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July 31, 2019, 6:50 a.m.
Reporting & Production

What kind of climate change coverage do you read in the news? It depends on whether you live in a rich country or a poor one

News organizations in wealthy countries are more likely to frame climate change as a domestic political issue, while those in poorer countries report more on natural disasters and international relations.

News organizations in wealthy countries cover climate change very differently from news organizations in poorer countries, according to a new report — and this hasn’t changed much over time, though a more detailed look at how news organizations worldwide are reporting on the issue shows some small signs of progress.

In a study published in the September issue of Global Environmental Change, researchers from the University of Kansas and Hanoi University of Science and Technology looked at how the media in 45 countries and territories framed climate change, and how that coverage was affected socioeconomic and environmental factors like GDP per capita, frequency of natural disasters, carbon dioxide emission levels, and press freedom levels.

The total sample included 37,670 news articles, published between 2011 and 2015, from 84 publications (usually newspapers) in four languages (English, French, Spanish, and Portuguese). The researchers then classified the framing of each of the articles, assigning each one of seven frames: Economic Impact, Domestic Politics/Regulatory Impact, Scientific Evidence, Social Progress, Energy, International Relations, and Natural Impact.

Here’s what they found:

— I would have thought/hoped the framing of climate change coverage would shift over time (becoming more…urgent?), but it didn’t, at least not during four years covered in this study: Framing was largely consistent during the period. The urgency of climate change coverage continues to be a problem in the United States, and plenty of newspapers fail to cover it at all.

There are some bright spots: The Guardian, which has a U.S. presence at least, announced this year that it’s ditching the phrase “climate change” in favor of “climate emergency, crisis, or breakdown.” Publications are teaming up to cover climate change. Coverage of climate change was up 20 percent in the U.S. in 2018, according to the Media and Climate Change Observatory (MeCCO) at the University of Colorado — and some U.S. newspapers are covering it more; from MeCCO’s report for June 2019:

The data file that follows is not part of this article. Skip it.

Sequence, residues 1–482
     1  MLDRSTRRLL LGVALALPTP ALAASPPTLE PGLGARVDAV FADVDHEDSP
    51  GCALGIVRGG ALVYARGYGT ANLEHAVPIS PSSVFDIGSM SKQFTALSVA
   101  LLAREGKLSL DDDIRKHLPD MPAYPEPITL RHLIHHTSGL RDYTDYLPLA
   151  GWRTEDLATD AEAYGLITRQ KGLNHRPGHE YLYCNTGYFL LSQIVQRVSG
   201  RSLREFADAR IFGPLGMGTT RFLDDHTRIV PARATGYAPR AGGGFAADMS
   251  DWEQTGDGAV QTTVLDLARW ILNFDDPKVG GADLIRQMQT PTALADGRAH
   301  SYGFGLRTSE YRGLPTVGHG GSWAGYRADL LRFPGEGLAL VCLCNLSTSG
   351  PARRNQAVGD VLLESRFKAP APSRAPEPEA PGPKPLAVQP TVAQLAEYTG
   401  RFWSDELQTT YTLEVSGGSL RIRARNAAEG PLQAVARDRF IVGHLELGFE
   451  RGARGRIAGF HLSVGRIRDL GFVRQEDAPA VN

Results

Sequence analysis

Coverage in the US was up 5% in print media and nearly 47% on television compared to the previous month. When this increase across outlets is disaggregated, one can detect a slightly different set of trends. These show that in fact most of these increases are due to increased coverage at The New York Times followed by increases at The Washington Post in print, and on CNN, Fox News and MSNBC in television, coverage. In fact, these increases across US media coverage of climate change in recent months are occurring in spite of rather than because of more abundant coverage in the leading US network news organizations — ABC News, CBS News, NBC News, and PBS Newshour — along with US prestige press outlets — The Wall Street Journal and USA Today.

— The wealthier the country, “the more likely its news media would frame climate change as issues of science and domestic politics…The press from richer countries are less likely to discuss climate change from the natural impact and international relations angles.” GDP per capita was the strongest predictor of a how a country’s media would frame its coverage.

The media from richer countries are more likely to frame climate change as an issue of domestic politics. This, perhaps, is because the voice of climate skeptics in richer countries gained stronger prominence in the media. In these countries, climate change is a highly contested issue with multiple groups, in their efforts of politicizing climate change, trying to influence the media agenda and policymaking. Additionally, the balanced reporting norm in the media in some democratic countries may have compelled journalists to include various views on climate change, thus affecting the public’s and decision makers’ perception of climate change. Such reporting practices also give a possible explanation as to why the media in countries with higher GDP are more likely to frame climate change as a domestic politics issue.

— The media in countries that frequently suffer from natural disasters “tend to frame climate change through the lens of natural impact”; countries that had more effective governments were less likely to frame climate change in the light of natural disasters. In June 2019, for instance, MeCCO found that climate change coverage in India was up 67 percent over the previous month, due largely to record-breaking heat waves and drought.

— Social progress was the least commonly used frame, with less than
four percent of content “devoted to covering new lifestyles or social developments related to climate change.”

You can read the paper here and follow MeCCO’s work here.

European heat wave map by NASA Earth Observatory.

Laura Hazard Owen is the editor of Nieman Lab. You can reach her via email ( or Twitter DM (@laurahazardowen).
POSTED     July 31, 2019, 6:50 a.m.
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